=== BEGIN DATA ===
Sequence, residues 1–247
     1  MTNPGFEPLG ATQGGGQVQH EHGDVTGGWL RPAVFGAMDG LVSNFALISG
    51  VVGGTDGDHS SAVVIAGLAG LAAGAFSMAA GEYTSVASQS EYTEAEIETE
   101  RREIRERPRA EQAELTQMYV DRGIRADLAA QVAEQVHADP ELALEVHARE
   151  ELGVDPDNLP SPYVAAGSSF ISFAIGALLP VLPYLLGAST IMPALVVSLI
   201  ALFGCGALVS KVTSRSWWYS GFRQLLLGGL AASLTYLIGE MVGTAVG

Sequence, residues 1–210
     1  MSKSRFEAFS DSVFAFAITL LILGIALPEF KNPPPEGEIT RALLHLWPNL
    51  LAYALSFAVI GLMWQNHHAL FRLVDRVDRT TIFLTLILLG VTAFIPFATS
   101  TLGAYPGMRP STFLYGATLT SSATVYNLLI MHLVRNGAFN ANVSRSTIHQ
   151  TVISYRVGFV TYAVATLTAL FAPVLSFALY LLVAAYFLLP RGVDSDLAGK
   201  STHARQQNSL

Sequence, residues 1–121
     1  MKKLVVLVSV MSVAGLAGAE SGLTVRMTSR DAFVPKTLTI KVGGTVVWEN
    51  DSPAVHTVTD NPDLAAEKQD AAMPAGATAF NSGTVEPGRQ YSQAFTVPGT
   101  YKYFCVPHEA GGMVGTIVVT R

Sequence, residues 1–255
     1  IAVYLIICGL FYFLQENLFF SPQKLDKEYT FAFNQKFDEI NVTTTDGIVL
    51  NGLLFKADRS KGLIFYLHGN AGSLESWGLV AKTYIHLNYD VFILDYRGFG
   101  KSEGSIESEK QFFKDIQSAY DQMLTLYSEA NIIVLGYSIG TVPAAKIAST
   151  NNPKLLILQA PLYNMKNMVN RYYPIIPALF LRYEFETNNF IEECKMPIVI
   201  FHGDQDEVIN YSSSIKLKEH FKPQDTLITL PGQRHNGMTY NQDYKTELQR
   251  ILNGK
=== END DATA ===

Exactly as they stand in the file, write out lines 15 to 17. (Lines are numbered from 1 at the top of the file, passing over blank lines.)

    51  DSPAVHTVTD NPDLAAEKQD AAMPAGATAF NSGTVEPGRQ YSQAFTVPGT
   101  YKYFCVPHEA GGMVGTIVVT R

Sequence, residues 1–255